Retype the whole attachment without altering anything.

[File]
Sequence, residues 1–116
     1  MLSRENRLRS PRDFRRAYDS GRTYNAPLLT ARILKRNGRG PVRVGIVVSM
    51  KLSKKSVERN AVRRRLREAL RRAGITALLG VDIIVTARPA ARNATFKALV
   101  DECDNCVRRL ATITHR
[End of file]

Sequence, residues 1–116
     1  MLSRENRLRS PRDFRRAYDS GRTYNAPLLT ARILKRNGRG PVRVGIVVSM
    51  KLSKKSVERN AVRRRLREAL RRAGITALLG VDIIVTARPA ARNATFKALV
   101  DECDNCVRRL ATITHR